top of page
  • Writer's

Horseshoe Bend

Page, Arizona

November 14, 2020

How do I explain this? I think we are all familiar with this scene from The Raiders Of The Lost Arc. This image comes to my mind every time I choose to do something the hard way. And so I thought of this scene today.

I will explain. First, some background.

Horseshoe Bend is a horseshoe-shaped incised meander of the Colorado River located near the town of Page, Arizona.  It is also referred to as the "east rim of the Grand Canyon."

It is a superb example of a entrenched meander. Six million years ago, the region around Horseshoe Bend was much closer to sea level, and the Colorado River was a meandering river with a nearly level floodplain. Between six and five million years ago, the region began to be uplifted. This trapped the Colorado River in its bed, and the river rapidly cut downwards to produce Horseshoe Bend as we see it today.

The cause of this uplift is still a matter of research.  One hypothesis is that uplift was a result of delamination, where the lowest layer of the North American tectonic plate below the Colorado Plateau detached and sank into the underlying mantle. This would have allowed hotter rock from the asthenosphere, the part of the earth's mantle that underlies its tectonic plates, to rise and lift the overlying crust.  Another possibility is that the uplift was the result of heating at the base of the crust. This transformed the lowest crustal rock from eclogite, a relatively dense rock to garnet granulite, which is significantly less dense. This would have produced the buoyant forces needed to uplift the region.

Whatever the cause of the uplift, it resulted in the erosion of up to a mile of overlying sediments from the eastern Grand Canyon.  This exposed the Navajo Sandstone, the surface rock found throughout the Horseshoe Bend area, which also forms the entire depth of the canyon walls of the Grand Canyon at Horseshoe Bend. This sandstone is notable for its crossbedding and iron concretions.

It is likely that the Colorado River will eventually cut through the neck of the bend, producing a natural bridge like those found at Natural Bridges National Monument in Utah.  The river will then abandon Horseshoe Bend, leaving a cutoff meander. 

Here is a popular photo of Horseshoe Bend.

Pretty, right? I take photos like this one as a challenge - can I take one as pretty or even better, take a better photo? One caveat - it is pretty clear to me that this photo was Photoshopped. The colors are just too rich. I could be wrong. I’m not against Photoshopping with the understanding that it gives you an image that you couldn’t get naturally.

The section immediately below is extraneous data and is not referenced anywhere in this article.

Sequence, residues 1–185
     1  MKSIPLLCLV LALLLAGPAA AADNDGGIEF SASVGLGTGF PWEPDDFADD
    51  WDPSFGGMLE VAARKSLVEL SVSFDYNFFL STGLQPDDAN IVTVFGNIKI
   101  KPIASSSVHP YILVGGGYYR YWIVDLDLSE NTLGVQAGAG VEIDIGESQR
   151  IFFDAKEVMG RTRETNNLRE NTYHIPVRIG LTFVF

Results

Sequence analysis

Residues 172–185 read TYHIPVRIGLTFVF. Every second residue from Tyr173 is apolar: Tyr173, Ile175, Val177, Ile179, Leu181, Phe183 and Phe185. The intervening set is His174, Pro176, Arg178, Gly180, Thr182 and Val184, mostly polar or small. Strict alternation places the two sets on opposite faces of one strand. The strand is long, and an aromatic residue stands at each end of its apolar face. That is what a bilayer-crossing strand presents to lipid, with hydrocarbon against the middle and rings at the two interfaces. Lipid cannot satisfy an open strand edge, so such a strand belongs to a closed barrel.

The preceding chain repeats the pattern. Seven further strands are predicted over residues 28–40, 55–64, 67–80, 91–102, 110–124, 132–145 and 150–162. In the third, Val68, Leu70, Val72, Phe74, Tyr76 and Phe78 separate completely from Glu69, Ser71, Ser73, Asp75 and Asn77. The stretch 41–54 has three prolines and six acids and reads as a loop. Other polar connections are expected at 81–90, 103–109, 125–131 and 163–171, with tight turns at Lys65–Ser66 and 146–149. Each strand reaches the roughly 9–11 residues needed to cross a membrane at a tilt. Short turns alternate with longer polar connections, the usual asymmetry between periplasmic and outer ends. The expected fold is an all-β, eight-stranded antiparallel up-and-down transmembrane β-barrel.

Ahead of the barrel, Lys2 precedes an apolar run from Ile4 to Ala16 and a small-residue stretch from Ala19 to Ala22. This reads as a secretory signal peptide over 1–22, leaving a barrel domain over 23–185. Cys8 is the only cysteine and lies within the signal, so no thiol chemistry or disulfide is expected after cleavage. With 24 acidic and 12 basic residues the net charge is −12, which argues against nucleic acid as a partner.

So I get to the Horseshoe Bend Visitor Center, pay my $19, park my car and head out to my challenge. The path is about 0.5 miles and I walk with a few hundred of my new friends. Toward the end of the path there is a collection of people taking photos. I figure there is no way the above photo was taken near the path so I veer off and spend the next two hours walking through rock formations trying to get the right angle -- without falling over the edge. I got some fun shots of the rock formations while i was doing this.

Then I found a place to get a food shot - but I couldn't quite get the whole view into the image. Close but no cigar. So I continued to wander.

I was as close to the edge as I could be for this photo.

At this point, I headed back to where all the people were at the "lookout point." I decided to take some photos from there -- resigned that I would not get to challenge the photo I found on the Internet.

Here's what I got.

Maybe not quite as good as what I had found on the Internet but perhaps with a little Photoshopping I could get the richer colors? I had learned my lesson thought; first go to where ever one is taking photos and start there. At least I got some decent photos while I was walking around!

7 views2 comments

Recent Posts

See All
bottom of page